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Flash Nonfiction

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Mar. 12th, 2014 | 12:12 pm

So a lot of us around the LJ write short, personal pieces. Sometimes diaries, sometimes literary.

When you're feeling literary, here's a fascinating short article about how using the "I" perspective, even in a journalistic piece, can give greater meaning and perspective to the work.

In AWP 2014: Truth and First Person Journalism, Samantha Claire Updegrave writes:

It boils down to trusting our intuition with our writing, to asking if our experiences or interactions with the subject matter lead us to the truth, a “go big” where our presence brings the reader in and illuminates the story, world, or some aspect of our shared humanity.

I love this idea, that it's not just about "what does this story have to say about me," but "what does me telling this story bring to the reader's understanding." For those of us heading back into LJ Idol, this can be a question that helps us find a purpose to our personal nonfiction that's reader-oriented rather than storyteller-oriented or therapeutic. Both those latter qualities can of course be part of a great reading experience, but provoking an experience for the reader takes our work up a level.

She also talks about starting with examining the lies we tell every day, as springboards for personal essays. Fascinating prompt ideas!

AWP, by the way, is a yearly convention for writers and grad students. There are discussion panels (mostly literary and academic-writing focused, but some popular-lit oriented), lots of booths representing literary journals, magazines, and graduate writing programs. I've never been, but I hear it's pretty neat.






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Comments {12}

Madame Blue aka Pygment

Maybe this is why I'm stuck

from: sweetmmeblue
date: Mar. 12th, 2014 04:22 pm (UTC)
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I wrote over 100,000 word story and wrote it from the fist person. Then I got the advice that doing this as s first time writer is not a good idea and I started editing the first couple of chapters to non-first person. Then I stopped and haven't touched the piece since. I can't muster the energy to take it out of the way I wrote it.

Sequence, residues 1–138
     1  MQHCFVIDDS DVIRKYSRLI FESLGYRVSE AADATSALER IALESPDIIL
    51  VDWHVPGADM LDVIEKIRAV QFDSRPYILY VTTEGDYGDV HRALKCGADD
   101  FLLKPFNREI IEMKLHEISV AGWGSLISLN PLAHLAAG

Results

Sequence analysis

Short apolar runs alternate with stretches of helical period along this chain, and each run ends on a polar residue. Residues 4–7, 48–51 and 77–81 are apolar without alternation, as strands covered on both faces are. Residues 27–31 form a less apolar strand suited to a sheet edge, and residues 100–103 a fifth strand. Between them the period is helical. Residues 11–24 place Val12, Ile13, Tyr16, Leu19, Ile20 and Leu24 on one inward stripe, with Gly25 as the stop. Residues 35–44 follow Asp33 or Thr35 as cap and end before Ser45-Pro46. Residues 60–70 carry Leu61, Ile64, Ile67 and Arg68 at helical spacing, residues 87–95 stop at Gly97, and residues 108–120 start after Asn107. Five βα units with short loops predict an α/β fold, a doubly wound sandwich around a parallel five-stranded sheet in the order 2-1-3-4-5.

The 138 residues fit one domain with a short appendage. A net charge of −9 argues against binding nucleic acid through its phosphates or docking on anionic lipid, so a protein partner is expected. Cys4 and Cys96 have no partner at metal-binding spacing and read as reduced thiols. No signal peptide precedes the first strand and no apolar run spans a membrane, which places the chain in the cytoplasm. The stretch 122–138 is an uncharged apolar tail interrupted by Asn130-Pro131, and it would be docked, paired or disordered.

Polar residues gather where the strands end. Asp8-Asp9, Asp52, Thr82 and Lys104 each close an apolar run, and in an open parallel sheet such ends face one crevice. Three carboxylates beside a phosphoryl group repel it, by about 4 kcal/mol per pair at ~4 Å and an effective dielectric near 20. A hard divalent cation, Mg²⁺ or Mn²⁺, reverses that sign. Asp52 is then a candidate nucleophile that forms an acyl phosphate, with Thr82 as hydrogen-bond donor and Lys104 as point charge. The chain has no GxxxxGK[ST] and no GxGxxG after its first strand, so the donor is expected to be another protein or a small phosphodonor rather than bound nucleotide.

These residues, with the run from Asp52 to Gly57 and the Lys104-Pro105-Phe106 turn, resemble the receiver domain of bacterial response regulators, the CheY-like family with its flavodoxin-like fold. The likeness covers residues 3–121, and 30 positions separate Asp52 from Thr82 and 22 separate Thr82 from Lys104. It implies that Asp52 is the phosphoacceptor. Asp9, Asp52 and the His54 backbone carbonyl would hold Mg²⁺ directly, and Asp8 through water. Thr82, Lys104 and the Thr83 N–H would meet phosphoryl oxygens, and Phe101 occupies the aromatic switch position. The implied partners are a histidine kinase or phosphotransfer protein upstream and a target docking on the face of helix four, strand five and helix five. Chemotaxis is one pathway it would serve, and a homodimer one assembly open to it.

Edited at 2014-03-12 04:23 pm (UTC)

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whipchick

Re: Maybe this is why I'm stuck

from: whipchick
date: Mar. 12th, 2014 05:03 pm (UTC)
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Is it fiction or nonfiction?

I don't agree about first-time writers not writing in first person :) Write what makes the story work!

Does the protagonist have an overwhelming need to tell this story? Then it's first person. Is it important for the reader to see stuff the protagonist doesn't? Then it's probably not first person, but there could still be first-person sections.

100,000 is long for a first novel or memoir, but that's good, because now you can keep the best stuff and edit down anything that's not as strong.

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Madame Blue aka Pygment

Re: Maybe this is why I'm stuck

from: sweetmmeblue
date: Mar. 12th, 2014 05:07 pm (UTC)
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It's fiction. I took what you said about non-fic and had it resonate with this because I tell stories like non-fiction, even when it is fiction. The characters are present for me.

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drwex

You might find this relevant

from: drwex
date: Mar. 12th, 2014 04:39 pm (UTC)